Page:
67 029 Royal Diamond had taken over the Manchester loco-hauled diagram by 16 April, when Tim photographed from Maude Street the 1D34 09:53 Manchester Piccadilly to Holyhead, formed of Mk3a coaches, 12182, 12185, 12177 and 12183 with Driving Van Trailer 82308.
Closing the Gap at Corwen - report by George Jones
Work has at last started on infilling the infamous gap in the embankment at Corwen on the Llangollen Railway's extension.
The profile of the Gap is complex due to the original passageway, as bulldozed through to the sewage farm, having been eroded over time.
Starting on Monday 15 April, the project team members, aided by a local contractor with his dumper trucks, began the task of infilling the gap in the embankment outside Corwen,
The infill material was brought in from the former Ruthin branch embankment using a route through the unfinished island platform.
Phase 1 involved closing the area in front of the former access to the sewage farm gates where the total depth to be infilled was 10ft (3 metres) to re-establish the line of the northern embankment. The dumping of loads of 5 or 10 tonnes of material infill was spread, layered and rolled by a team of volunteers and at the end of the first day the infill had reached around 7ft in depth.
Day 2 saw the level built up and spread across the shallower depth of the gap, but still some way below the track bed level and dumping and levelling continued into day 3 on the centre section.
By end of play on day 4 the northern (or River Dee) side of the Gap had been brought up to track bed level over a length of 40 metres/130ft.
The need to allow wheeled vehicles to manoeuvre has kept the access open on the southern ( or A5) side of the site as, for the final stage, the plan is to lift the mess room and work shop container out of their spaces to new positions. This will allow the remainder of the northern embankment to be brought into line as far as the signalbox and further infilling for the remainder of the gap will follow during an exercise in May. The reinstated embankment will be wide enough to take the main running line and a siding when track laying takes place.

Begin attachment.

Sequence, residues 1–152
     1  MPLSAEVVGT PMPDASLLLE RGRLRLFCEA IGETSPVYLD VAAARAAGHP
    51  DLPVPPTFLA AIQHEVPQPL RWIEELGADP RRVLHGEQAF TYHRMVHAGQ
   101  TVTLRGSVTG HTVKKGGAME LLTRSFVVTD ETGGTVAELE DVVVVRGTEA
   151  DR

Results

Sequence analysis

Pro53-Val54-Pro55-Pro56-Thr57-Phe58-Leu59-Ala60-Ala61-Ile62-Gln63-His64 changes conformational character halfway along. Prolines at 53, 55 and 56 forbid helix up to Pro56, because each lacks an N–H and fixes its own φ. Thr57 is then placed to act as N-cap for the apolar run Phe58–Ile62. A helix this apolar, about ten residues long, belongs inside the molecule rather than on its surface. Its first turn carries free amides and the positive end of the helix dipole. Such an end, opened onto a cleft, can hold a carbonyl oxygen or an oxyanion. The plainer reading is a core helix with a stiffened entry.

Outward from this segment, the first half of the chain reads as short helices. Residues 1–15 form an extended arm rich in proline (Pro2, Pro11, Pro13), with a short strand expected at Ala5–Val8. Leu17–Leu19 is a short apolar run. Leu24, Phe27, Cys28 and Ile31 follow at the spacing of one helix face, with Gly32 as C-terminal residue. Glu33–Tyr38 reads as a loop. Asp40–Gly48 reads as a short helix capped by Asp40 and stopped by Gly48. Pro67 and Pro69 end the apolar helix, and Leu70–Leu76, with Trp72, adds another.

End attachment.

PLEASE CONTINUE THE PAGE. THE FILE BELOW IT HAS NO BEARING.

For now the workforce is taking a well-earned break over Easter and thanks are due to the tremendous volunteer effort without which this work would not have been completed.
The infilling was able to go ahead after it was announced the Infill the Gap appeal had passed the £10k target thanks to donations from supporters and well wishers, with a useful £500 coming from the success of a charity raffle by the Corwen townsfolk, Thanks are due to all those who sent in donations which came from near and far to help overcome this final obstruction on the route into the Corwen terminus.
On 17 March the 'Salopian Express II' was a West Coast Railways railtour, this time staring from Dumfries and visiting the historic town of Shrewsbury, picking up passengers from Annan, Gretna, Carlisle, Penrith, Lancaster and Preston. It was diesel-hauled from Dumfries to Carnforth where where LMS 2-8-0 Stanier 8F 48151 was attached for yet another mainline outing, the engine the stalwart of Carnforth’s locomotive fleet was hauling 11 coaches, and this time with no diesel attached at the rear. Above, heading for Shrewsbury 48151 approaches Willaston level crossing; the excursion was following behind a late running Manchester Piccadilly to Carmarthen service train. Picture and notes by Robert Meredith.
Paul Reynolds, signalman at Glyndyfrdwy on the Llangollen line, captured the view from the Box as 2-8-0 3802 arrived to exchange single-line tokens on 21 April.
On the Border